Less Meat is ‘Good News’ to HSUS

The Humane Society of the United States (HSUS), not to be confused with a humane society pet shelter, puts up a façade that it actually supports “humanely raised” food products. In reality, HSUS is a vegan group—it just won’t say so because 99 percent of the public doesn’t have an ideological problem with eating cheese.

HSUS’s mask slips every now and then, however, such as when HSUS Food Policy Director Matt Prescott gleefully wrote last month that a decrease in meat consumption is “good news.” (Not surprisingly, Prescott’s piece was quickly tweeted by former PETA VP Bruce Friedrich.)

Prescott was writing to promote HSUS’s Meatless Monday campaign, which is named after a similar movement started by Johns Hopkins Bloomberg School of Public Health a few years back. That’s the joke, of course: HSUS wants Meatless Monday through Sunday. It just uses the limited “Monday” angle to appear moderate.

Here’s some food for thought: The goal of the Meatless Monday campaign is to, essentially, reduce meat consumption by 14 percent by getting people to eat 1/7th of what they currently consume. Prescott reports that meat consumption is expected to have fallen by 12 percent this year compared to 2007.

So haven’t the goals of Meatless Monday basically been met? Will HSUS pack up its Meatless Monday campaign once the magic “14 percent” is hit?

Not a chance.

Remember, the goal of HSUS is to eliminate using animals for meat (or eggs, or dairy). An HSUS VP was very clear: “We don’t want any of these animals to be raised and killed.” Even if meat consumption dropped by 90 percent, Prescott and HSUS would still be saying “eat less meat” and still trying to bankrupt the few livestock farmers left. Yes—even the family farmers HSUS claims to favor. (And of course, they’d be cheering the “good news” of bacon’s demise all the way to the salad bar.)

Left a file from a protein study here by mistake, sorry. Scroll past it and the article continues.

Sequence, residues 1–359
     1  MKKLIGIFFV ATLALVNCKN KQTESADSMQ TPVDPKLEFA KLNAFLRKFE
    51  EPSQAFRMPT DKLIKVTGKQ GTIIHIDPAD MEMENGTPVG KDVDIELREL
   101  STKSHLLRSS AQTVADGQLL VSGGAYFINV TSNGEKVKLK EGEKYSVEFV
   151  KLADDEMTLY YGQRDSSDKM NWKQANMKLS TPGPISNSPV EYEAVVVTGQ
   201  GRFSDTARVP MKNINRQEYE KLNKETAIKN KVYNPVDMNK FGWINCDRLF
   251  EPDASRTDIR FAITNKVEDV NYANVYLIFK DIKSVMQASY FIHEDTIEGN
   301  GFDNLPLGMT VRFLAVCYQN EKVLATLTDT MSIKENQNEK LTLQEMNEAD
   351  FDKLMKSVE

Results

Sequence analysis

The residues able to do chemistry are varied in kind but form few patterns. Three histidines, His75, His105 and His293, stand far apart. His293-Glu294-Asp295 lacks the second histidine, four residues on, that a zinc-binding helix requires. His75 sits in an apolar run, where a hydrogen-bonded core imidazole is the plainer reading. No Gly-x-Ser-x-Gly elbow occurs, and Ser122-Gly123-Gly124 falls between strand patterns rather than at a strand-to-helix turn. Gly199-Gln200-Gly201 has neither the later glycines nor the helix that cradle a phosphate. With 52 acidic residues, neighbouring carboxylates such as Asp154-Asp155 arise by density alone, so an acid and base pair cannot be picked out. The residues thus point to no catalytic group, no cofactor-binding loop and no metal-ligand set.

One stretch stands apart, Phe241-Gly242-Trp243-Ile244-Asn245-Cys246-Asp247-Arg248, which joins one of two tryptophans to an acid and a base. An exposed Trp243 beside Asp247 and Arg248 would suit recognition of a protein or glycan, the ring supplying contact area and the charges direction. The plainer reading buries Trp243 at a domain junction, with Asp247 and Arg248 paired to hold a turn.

HSUS deflects claims that it has a vegan agenda by saying that 95 percent of its members are not vegetarian. However, soon after Wayne Pacelle (HSUS’s first vegan CEO) took the reins in 2004, he reportedly created a no-animal-products-in-the-office policy. Additionally, HSUS has a corporate policy not to serve any food products from animals—even humanely raised organic products—at any HSUS events. Employees aren’t supposed to expense food products from animals, either.

So let’s get this straight: HSUS won’t recognize 95 percent of its members’ own values (who have no problem eating meat), much less the values professed in public by HSUS’s leaders to support family farmers. Pacelle is all too happy to speak of “so many small farmers who are honoring that standard of animal husbandry and properly caring for their animals.” Just don’t expect HSUS to put its money where its mouth is. Or Pacelle to put his mouth where his mouth is.

If HSUS actually believed there is such a thing as humane meat or ethical eggs, it would buy some. It doesn’t.

Prescott himself is a former PETA activist. And now this guy is HSUS’s “Food Policy Director”? That shouldn’t instill confidence in any farmer—much less the 99 percent of consumers who don’t share the HSUS/PETA values for eating.